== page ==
This game was about respect and Ireland earned it
Fantastic performance lifted crowd, but our best is not good enough, writes George Hook
Yet again Ireland failed to beat New Zealand but this was a wonderful rugby match and it deserved an absolute full house. Those who made the trip and paid the money would have gone home satisfied.
Declan Kidney, after the match, bridled at the criticism of the previous two weeks but it would have been nothing compared to what he might have faced had his team not delivered.
The performance reinvigorated the nation, saved the coach and made the union's intemperate pricing policy bearable.
The coach's selection raised more questions than answers. Why no Devin Toner? What does Mike Ross have to do to get a chance? And why select a full-back who can catch and kick against a team that will not kick and gobble up misplaced returns? Luke Fitzgerald, despite an inauspicious game against Samoa is, with Geordan Murphy, much more attuned to the demands of the modern game.
Despite all the talk about not kicking, within two minutes David Wallace and Tommy Bowe kicked aimlessly and subjected their colleagues to more lung-bursting defending. When Dan Carter kicked his team ahead after seven minutes, you feared for how long Ireland could hold out against the waves of black jerseys.
Ireland succeeded in giving the ball back to their opponents, three times at the restart, once at the line-out, and the ball was kicked away by Brian O'Driscoll and Eoin Reddan all in the first 15 minutes. Ireland had asked questions but the final decision was invariably wrong. Somehow after 25 minutes Ireland were on level terms.
Playing as they were, Graham Henry's men would have expected to have been three or more tries to the good. It was a testament to Irish courage and organisation. Instead they found themselves a try down to a magnificent try, albeit the product of a forward pass. It mattered not a whit; the home team had soaked up the best the All Blacks had to offer and responded in kind.
Half-time was instructive as the statistics told a worrying story. Ireland had made four times as many tackles and had just a third of the possession. Under normal circumstances, the All Blacks would have been 30 points clear. It was a tribute to Ireland's defence, but more importantly the visitors were less inventive. New Zealand now rely on sheer force of numbers, possession and recycling. They can be beaten by a team that can match them physically and deliver with imagination; France or Australia?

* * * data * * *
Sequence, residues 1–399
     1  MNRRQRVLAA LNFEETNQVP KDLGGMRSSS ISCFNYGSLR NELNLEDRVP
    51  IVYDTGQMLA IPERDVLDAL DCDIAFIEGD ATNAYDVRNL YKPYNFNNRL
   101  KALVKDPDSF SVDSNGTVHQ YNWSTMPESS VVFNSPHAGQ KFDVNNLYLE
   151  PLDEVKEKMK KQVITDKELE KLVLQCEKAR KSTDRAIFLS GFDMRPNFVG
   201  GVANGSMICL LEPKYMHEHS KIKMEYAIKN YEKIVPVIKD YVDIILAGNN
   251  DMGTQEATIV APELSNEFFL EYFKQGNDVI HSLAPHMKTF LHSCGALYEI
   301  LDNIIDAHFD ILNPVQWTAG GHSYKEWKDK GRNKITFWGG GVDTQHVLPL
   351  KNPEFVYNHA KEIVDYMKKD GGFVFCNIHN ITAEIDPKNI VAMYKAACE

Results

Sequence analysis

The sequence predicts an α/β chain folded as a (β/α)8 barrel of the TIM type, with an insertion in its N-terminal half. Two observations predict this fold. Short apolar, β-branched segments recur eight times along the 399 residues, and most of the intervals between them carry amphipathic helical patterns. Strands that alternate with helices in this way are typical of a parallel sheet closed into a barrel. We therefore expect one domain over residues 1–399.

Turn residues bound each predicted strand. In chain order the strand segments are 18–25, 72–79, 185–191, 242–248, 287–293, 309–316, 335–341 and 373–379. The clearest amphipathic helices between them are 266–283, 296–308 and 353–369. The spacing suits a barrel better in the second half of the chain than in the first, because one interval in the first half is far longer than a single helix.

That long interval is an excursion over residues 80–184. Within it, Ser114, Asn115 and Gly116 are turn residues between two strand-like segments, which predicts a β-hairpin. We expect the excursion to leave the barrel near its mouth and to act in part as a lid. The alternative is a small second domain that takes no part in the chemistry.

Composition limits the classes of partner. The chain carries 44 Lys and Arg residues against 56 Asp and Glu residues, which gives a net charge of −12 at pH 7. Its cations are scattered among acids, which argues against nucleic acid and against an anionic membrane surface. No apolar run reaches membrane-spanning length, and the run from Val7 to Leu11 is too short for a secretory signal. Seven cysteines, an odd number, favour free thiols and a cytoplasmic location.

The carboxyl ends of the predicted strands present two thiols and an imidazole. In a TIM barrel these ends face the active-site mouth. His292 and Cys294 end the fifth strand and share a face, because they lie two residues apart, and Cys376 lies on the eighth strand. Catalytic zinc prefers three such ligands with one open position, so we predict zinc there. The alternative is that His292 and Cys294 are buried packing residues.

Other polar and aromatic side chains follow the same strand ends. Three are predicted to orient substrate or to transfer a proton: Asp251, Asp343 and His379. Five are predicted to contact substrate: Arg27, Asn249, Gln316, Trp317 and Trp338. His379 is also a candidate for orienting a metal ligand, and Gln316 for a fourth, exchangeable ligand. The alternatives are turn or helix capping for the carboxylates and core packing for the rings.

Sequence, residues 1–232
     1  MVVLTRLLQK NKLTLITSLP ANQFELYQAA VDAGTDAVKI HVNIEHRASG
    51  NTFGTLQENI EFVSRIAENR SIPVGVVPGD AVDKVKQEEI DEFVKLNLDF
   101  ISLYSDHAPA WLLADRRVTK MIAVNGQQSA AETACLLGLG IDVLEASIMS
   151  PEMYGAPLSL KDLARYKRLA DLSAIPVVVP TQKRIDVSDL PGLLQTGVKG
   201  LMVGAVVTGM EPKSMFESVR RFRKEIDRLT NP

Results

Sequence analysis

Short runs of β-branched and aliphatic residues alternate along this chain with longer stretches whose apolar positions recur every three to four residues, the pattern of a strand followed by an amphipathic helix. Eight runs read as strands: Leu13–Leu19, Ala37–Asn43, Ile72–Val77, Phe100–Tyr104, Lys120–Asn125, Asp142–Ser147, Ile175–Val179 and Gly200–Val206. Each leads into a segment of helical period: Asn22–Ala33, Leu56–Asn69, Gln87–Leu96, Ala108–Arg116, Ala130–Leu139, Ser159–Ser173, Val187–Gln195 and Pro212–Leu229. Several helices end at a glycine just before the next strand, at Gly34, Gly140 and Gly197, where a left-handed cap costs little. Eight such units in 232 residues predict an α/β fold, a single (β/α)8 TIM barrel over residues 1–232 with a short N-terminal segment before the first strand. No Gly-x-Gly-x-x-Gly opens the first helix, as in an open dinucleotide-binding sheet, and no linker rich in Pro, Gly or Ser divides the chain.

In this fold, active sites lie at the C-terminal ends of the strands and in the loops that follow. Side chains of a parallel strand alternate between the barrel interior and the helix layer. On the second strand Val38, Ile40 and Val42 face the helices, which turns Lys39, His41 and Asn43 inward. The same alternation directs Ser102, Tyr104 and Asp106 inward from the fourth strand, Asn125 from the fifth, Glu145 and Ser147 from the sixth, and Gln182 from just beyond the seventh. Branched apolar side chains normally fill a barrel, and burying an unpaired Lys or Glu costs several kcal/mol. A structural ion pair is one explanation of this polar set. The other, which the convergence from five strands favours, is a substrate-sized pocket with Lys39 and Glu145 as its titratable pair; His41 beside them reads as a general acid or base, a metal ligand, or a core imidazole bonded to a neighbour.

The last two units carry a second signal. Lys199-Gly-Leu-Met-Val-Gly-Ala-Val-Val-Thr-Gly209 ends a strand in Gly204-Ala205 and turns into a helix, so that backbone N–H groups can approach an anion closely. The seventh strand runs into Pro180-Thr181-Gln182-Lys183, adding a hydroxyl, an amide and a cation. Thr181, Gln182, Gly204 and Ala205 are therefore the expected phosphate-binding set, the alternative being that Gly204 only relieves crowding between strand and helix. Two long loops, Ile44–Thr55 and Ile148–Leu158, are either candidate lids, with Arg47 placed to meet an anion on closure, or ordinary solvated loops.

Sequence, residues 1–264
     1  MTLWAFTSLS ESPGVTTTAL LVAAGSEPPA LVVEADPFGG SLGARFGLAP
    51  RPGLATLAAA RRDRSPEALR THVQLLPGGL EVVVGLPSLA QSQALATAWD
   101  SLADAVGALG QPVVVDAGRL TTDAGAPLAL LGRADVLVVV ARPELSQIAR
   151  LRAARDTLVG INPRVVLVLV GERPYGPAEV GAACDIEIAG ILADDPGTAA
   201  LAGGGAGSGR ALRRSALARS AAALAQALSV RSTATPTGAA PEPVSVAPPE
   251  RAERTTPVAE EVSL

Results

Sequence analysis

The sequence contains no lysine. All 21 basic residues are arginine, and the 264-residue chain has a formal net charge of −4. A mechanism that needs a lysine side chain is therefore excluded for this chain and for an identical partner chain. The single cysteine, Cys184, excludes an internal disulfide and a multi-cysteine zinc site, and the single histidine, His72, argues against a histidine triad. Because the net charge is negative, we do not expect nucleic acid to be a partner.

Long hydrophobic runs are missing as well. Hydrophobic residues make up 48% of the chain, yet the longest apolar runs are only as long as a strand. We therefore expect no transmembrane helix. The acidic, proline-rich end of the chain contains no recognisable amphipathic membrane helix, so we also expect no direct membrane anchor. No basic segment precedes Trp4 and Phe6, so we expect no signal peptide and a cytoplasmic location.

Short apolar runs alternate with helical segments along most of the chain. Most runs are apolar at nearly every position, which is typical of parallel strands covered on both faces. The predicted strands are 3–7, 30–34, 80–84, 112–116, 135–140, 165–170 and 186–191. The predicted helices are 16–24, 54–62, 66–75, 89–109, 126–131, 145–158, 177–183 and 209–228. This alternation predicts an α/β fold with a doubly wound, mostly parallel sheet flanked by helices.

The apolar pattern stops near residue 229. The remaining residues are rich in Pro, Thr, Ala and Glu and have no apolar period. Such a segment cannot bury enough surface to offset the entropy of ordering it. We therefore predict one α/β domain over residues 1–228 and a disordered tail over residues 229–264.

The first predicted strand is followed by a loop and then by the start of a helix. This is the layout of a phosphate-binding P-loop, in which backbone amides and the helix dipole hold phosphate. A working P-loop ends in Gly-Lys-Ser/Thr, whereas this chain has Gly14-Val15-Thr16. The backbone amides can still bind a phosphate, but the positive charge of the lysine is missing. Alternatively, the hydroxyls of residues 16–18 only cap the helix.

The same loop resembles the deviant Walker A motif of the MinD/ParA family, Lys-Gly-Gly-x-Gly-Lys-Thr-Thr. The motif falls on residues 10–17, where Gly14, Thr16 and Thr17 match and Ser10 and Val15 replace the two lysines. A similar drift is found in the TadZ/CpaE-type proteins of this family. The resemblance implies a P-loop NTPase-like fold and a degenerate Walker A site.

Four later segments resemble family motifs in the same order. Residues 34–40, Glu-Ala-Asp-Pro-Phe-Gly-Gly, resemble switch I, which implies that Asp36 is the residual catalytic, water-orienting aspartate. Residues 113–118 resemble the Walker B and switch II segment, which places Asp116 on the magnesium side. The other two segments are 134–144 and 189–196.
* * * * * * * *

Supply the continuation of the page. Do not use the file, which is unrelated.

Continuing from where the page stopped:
Despite the hours of practice and coaching, Ireland could not control either their own or their opponent's restarts; they still do not appear to understand the requirement to shift the target in order to counter-attack. However, the biggest evidence of Ireland's improved performance was that they succeeded in keeping their opponents scoreless for almost 30 minutes in the second half.
The effort to shore up the scrum saw Tom Court in the unaccustomed role of tight-head, although somebody ought to tell him that his future lies on the right rather than the left-hand side of the scrum. The problem was on the other side, where Cian Healy was consistently penalised as he was unable to take the pressure from Owen Franks. Astonishingly, Kidney decided to replace Court five metres from his own line and the scrum failed on both sides only to be rescued by a Peter Stringer kick.
The fascination with size rather than technique is a New Zealand affectation which has failed for them since 1971 and they have now exported that policy to Europe. In the space of four days we saw the disastrous policy in action. Huge men but poor technicians like Peter Borlase for Munster and Craig Newland for Leinster were destroyed at the set piece. Ireland believes that failed second rows like John Hayes and Tony Buckley can be converted into prop forwards. It has failed and will continue to fail. Interestingly as Irish provinces search for scrum relief in New Zealand, the head scrum honcho for Ireland Greg Feek hails from that neck of the woods. Coincidence!
Sean Cronin's arrival improved the quality of the loose play but even with the advent of Toner, the Irish line-out stuttered on the throw. That failing will cost the Connacht hooker a worthwhile international career.
On his 93rd appearance for the All Blacks, Richie McCaw was still a dominant figure on the ground. Ireland, despite David Wallace's efforts, do not have a single player not only to compete with McCaw but with any major international number seven. The best open-side in Ireland is Brian O'Driscoll and if there was real innovation in Irish coaching, the Irish captain would extend his career by three years and 30 caps if he were to make the move to the flank. In extremis, we have more centres than open-side flankers but the captain remains an astonishing talent as his try demonstrated. But desperate situations need desperate remedies. O'Driscoll versus McCaw would be as compelling as a world heavyweight boxing contest.
This was a fantastic performance which warmed the hearts of the crowd but the reality was that playing at our very best we finished second and a comfortable distance behind. The gap between Ireland and New Zealand has grown rather diminished. In the amateur era the All Blacks averaged just over 10 points; since the advent of pay for play that has risen to 40 points.
This was about respect and Ireland earned it. Carter has always been Henry's barometer of confidence. To protect his star performer, the coach makes a substitution when he feels the game is won. Yesterday, out-half and coach had to go the full distance. Enough said.